Many thanks and sorry for dragging on
I have so much to learn. What are the rules of thumb (or limits) for release of equity?
The loan for my PPOR is split 50/50 fixed and variable with Suncorp. I'm approaching 30% equity ( based on my estimate of current valuation in the hot Sydney market ). That could go to about 38% in 12 months.
( rookie mistake may have been splitting my loan 12 months ago when construction of my PPOR was finished )
Most lenders will allow you to release equity up to 80% LVR without hassle.
Some will allow you to go up to 90% LVR - of those lenders, certain ones will make you jump through hoops whilst others (ANZ, AMP for instance) are more relaxed and will do it based on the purpose being "to purchase future investment property."
See above responses mate.
i'm sure everyone on this site appreciates your great detailed feedback and articles and the time u take to logically explain things
The most important thing, being a novice like myself i found was to get a broker who spends the time explaining in detail, and not focusing purely on the next deal ahead and keeping things to himself until asked
you answered all my and others questions nicely
i think you've got 2 new clients now, me(2 otp next yr settle and my sister(she is o/s but is started her portfolio (otp) in sydney settling in 2yrs)
could i get ur email so i can give some details beforehand
talk to u monday, maroubra
Thanks for the post, some great info. in there. Is there any light you can shed regarding credit history checks? I was told that if you continually go to different lenders which run a check against you will actually worsen your score hence affect your ability to borrow more money? Is this the case?
I remember asking exactly this about 2 years ago and the response I get is go speak to a broker. I am amazed how so many people are just in the forum to get business but not willing to share their knowledge.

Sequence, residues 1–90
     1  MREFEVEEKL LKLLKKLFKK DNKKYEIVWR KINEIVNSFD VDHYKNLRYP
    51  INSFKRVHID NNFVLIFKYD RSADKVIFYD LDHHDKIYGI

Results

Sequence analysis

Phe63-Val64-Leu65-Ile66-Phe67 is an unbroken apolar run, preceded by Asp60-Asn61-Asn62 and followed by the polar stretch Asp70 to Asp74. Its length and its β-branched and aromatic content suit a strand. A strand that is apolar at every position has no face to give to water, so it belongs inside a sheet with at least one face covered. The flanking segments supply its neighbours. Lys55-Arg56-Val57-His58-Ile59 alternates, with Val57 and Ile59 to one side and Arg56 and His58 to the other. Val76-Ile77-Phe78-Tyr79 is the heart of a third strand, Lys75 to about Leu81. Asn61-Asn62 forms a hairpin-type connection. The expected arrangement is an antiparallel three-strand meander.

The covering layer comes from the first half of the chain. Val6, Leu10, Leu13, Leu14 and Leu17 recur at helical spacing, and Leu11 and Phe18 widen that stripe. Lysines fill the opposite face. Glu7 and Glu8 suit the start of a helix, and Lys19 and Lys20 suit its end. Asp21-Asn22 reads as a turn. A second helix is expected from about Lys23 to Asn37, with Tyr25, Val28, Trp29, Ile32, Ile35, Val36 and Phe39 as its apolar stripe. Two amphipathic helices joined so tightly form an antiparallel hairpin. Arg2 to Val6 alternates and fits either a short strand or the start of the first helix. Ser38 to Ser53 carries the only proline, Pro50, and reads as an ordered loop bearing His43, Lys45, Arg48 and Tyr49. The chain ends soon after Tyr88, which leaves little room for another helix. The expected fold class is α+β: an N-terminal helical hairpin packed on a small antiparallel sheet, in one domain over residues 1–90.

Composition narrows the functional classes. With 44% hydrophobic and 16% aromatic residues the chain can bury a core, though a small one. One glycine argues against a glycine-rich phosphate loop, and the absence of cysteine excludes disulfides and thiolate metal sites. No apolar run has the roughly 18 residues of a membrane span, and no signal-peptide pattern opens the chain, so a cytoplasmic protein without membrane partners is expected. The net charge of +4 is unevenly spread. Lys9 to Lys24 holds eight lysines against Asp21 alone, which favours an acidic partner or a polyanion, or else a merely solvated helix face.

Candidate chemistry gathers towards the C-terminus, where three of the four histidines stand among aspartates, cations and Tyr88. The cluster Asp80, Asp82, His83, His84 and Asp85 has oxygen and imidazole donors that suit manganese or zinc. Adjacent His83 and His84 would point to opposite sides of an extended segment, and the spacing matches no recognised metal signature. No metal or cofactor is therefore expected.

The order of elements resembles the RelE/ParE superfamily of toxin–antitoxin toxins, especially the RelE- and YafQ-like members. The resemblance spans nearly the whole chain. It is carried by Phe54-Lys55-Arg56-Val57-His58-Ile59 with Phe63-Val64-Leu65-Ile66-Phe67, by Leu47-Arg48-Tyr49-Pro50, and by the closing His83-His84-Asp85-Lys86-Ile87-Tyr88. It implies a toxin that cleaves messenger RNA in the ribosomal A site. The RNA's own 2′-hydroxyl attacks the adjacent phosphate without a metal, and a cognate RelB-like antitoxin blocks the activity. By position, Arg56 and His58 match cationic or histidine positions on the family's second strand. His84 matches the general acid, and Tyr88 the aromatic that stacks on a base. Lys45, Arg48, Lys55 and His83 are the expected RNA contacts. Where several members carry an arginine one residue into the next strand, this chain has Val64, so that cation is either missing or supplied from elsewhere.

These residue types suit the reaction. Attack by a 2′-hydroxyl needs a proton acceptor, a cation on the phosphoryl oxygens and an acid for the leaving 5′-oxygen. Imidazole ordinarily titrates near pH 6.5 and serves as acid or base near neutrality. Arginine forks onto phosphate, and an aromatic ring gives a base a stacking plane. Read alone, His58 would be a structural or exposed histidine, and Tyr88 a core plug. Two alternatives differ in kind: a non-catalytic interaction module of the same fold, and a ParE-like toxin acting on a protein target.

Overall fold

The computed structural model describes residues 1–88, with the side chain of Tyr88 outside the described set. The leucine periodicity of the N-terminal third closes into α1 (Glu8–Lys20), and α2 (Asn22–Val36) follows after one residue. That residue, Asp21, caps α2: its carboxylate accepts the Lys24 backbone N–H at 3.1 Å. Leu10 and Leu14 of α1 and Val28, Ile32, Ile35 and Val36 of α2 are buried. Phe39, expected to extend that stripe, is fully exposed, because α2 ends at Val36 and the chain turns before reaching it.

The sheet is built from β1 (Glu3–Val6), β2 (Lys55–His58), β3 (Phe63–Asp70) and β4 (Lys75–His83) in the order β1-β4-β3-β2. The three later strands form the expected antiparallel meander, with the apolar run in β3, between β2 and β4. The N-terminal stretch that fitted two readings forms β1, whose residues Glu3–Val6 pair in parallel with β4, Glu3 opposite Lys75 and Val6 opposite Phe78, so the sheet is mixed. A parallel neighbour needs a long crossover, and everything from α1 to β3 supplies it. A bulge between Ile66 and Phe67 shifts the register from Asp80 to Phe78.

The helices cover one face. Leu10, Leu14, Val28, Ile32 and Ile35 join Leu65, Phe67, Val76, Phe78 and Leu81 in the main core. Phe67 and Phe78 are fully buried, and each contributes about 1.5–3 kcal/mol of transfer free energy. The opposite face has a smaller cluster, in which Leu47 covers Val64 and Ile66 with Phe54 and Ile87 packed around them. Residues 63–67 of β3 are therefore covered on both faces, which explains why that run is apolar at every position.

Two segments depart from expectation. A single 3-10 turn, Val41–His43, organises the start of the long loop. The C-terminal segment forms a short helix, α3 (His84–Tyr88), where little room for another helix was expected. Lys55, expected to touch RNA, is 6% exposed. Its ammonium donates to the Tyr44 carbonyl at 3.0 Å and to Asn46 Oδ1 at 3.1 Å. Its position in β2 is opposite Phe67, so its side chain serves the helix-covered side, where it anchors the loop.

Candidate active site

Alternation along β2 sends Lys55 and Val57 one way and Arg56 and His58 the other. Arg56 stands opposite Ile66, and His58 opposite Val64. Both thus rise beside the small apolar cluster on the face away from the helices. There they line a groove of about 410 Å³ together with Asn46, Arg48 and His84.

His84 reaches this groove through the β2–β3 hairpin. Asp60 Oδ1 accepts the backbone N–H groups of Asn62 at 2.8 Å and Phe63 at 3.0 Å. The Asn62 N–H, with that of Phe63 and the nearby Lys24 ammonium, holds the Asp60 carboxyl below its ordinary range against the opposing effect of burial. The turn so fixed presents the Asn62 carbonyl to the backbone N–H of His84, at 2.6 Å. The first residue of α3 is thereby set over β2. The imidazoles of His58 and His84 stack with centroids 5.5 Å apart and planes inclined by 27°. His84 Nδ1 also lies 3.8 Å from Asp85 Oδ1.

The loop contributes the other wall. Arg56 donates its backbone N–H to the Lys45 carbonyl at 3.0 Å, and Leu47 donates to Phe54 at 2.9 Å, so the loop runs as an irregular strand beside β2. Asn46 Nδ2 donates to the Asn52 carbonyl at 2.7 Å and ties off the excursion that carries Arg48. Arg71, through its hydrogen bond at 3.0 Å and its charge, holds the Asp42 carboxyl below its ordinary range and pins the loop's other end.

Thank you Redom for breaking the chain.
Howdy, good question. Yes it will.
There are a number of factors that go into ones credit score/history. Different banks use different credit scoring models (Big 4), with many not using them at all (middle tier lenders usually). Summary of the factors:
1. Age of your file: The longer your file history, the better usually.
2. Clients age to file ratio: A 25 year old without much history makes sense, a 45 year old doesn't. The latter scenario is viewed as more risky than the former.
3. Unpaid defaults: This limits your lending options. Usually if its telecom and <$500, its easy to provide an explanation and get around. For other issues, appropriate lender choice/alternate solutions are necessary.
4. Number of credit hits over the last 12-24 months: This shows whether you've been shopping around for credit and your credit behaviour. As a general rule, the fewer enquiries the better. More than 5-6 in a short time period can do some serious damage for lenders that credit score.
5. Type of credit enquiries: Applying for multiple credit cards/balance transfers is typically viewed worse than home loans/utilities.
6. Employment history: Changing jobs all the time
7. Address history: Continually moving around shows less stability.
Going on the veda website and accessing one of their services is something I typically recommend for my aggressive investor clients. The service where you get notified for each credit alert is particularly useful.
IMO the 'character' component of lending is about 'prevention/protection'. You can't do much to improve it apart from letting it heal naturally, but you can take risk mitigation tools to protect your credit history.
Time is the best healer of poor credit histories generally.